In 1965 the first Master Plan and Bond Issue for Leisure Services was approved. This million-dollar bond was used to develop the Civic Center, Civic Center Pool and surrounding area that comprised the O'Neil Ford Municipal Complex. The second Master Plan and related bond issues were approved in 1975 and 1976. A $2.5 million bond in 1975 was used to acquire 350 acres of park land while the $2.2 million bond in 1976 was used for the development of recreation facilities which resulted in the construction of the Senior Center and Denia and North Lakes Recreation Centers by 1979.

The City of Denton was the first Texas city to receive a $200,000, 3-year grant to develop a model municipal Therapeutic Recreation program for the state of Texas through the Parks and Recreation Department. This program offered adapted sports leagues, Special Olympics events, day camps, drop-in activities, dances and socials for Denton's citizens with disabilities.

In 1983 a Joint Use Agreement was signed between the Parks and Recreation Department and the Denton Independent School District that made official a previous partnership agreement for the joint use, acquisition and development of current and future parks and school sites. This agreement allowed for the development of a Special Community Leisure Program that provided Parks and Recreation Department classes in Denton's school facilities after school hours.

Because of the Denton Parks and Recreation Department's goal to provide the citizens of Denton with robust and diverse recreation and educational opportunities, such as the annual Arts and Jazz Festival, its precursor Spring Fling and the Texas Storytelling Festival, it has twice received the National Gold Medal Award from the National Recreation and Parks Association (NRPA) in 1985 and 2003.

Outside of parks and recreation facilities, the Parks and Recreation Department also manages the records, operation and maintenance of two city owned cemeteries. Oakwood Cemetery was officially named in 1931, but was created as soon as Denton was established as the new seat of government for the county in 1857. The I.O.O.F. Cemetery was established in 1859, the same year Denton Lodge #82 of the Independent Order of Odd Fellows was chartered. The cemetery served as the main burial site for the city and was eventually deeded to the City of Denton in 1933.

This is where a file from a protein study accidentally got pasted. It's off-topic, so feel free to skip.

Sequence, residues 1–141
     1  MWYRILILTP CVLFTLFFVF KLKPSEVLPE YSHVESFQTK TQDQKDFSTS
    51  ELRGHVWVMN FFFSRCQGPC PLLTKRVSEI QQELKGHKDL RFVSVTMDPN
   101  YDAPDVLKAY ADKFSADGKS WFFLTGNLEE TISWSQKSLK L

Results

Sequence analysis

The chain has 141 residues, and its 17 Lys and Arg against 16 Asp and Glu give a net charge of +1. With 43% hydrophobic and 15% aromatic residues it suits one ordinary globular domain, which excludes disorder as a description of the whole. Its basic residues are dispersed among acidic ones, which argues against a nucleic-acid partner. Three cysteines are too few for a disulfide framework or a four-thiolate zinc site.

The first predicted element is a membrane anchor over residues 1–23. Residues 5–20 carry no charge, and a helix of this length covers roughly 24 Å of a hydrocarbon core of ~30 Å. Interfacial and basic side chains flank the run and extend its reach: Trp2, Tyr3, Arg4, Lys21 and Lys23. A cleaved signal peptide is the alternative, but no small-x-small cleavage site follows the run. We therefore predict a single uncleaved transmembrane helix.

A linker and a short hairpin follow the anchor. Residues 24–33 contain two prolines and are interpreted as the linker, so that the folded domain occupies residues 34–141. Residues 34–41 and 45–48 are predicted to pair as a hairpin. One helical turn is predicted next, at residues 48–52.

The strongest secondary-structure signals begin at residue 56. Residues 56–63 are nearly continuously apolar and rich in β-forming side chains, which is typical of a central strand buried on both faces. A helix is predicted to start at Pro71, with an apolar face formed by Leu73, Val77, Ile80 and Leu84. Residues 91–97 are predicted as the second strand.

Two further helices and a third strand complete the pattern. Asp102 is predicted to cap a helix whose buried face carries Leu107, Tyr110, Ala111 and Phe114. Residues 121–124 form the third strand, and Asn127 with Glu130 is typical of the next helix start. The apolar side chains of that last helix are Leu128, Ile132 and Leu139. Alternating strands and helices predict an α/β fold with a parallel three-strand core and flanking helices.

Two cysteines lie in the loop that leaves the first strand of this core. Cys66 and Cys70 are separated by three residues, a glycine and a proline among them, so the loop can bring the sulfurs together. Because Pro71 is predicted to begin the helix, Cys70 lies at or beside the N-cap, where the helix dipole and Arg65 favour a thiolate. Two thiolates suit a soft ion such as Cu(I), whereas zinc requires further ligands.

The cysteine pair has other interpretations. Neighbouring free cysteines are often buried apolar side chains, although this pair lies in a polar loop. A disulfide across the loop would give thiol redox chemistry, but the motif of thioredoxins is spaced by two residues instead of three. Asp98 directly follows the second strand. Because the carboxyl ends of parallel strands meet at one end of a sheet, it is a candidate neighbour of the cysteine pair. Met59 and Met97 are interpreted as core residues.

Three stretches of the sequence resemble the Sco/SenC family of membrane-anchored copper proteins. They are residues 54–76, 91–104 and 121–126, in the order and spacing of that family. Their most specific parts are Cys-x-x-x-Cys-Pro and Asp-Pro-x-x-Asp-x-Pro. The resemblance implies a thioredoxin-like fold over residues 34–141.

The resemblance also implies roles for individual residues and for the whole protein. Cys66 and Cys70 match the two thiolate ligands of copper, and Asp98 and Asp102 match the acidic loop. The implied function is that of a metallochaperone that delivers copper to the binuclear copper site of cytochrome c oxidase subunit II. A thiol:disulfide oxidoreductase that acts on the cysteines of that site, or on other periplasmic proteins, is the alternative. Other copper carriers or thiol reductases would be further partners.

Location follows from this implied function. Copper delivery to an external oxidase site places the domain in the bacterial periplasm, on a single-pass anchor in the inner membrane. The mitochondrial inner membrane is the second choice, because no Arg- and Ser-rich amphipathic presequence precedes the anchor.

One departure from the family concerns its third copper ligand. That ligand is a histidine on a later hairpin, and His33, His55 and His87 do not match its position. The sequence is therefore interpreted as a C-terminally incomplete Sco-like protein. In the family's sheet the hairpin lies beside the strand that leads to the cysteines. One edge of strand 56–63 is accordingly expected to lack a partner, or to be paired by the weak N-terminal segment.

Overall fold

The mission of the Parks and Recreation Department is to unite and grow lives by preserving parks and encouraging play by providing opportunities for passive and active recreation, programs and special events that utilize the city's parks, athletic fields, recreation centers and walking trails. The materials found in this collection document the methods and manners in which the Parks and Recreation Department have served the citizens of Denton, Texas.

Source
Record and Chronicle, May 4, 1909.
Source
"The Local News In Brief," Record and Chronicle, November 23, 1912.
Source
United States. Texas. City of Denton. Charter of the City of Denton, Texas. Article V. 1919.
Source
United States. Texas. City of Denton. Revised Charter and Codification of Ordinances. Edited by Bruce Davis. 1941.
Source
United States. Texas. City of Denton. Code of Ordinances of the City of Denton, Texas. Edited by Lee E. Holt. 1959.
Source
"I.O.O.F. Cemetery," cityofdenton.com. https://www.cityofdenton.com/en-us/residents/parks-recreation/facilities/cemeteries/i-o-o-f-cemetery-(1)
Source
"Oakwood Cemetery," citofdenton.com. https://www.cityofdenton.com/en-us/residents/parks-recreation/facilities/cemeteries/oakwood-cemetery
Source
Denton Parks and Recreation Department Collection, 1876-2008.
Source
City Council Minutes. September 10, 1963.
Source
"Special Revenue-Recreation Fund," City of Denton Annual Program of Services. 2018.
Source
"The Quakertown Story," The Denton Review, Michelle Powers Glaze. 1991
Source
"Denton '64' A Report From Your City Council of the Activities of 1963-1964 and the Progress of Five Years of City Council-Manager Government," Denton Record-Chronicle. Jan. 31, 1965.

Extent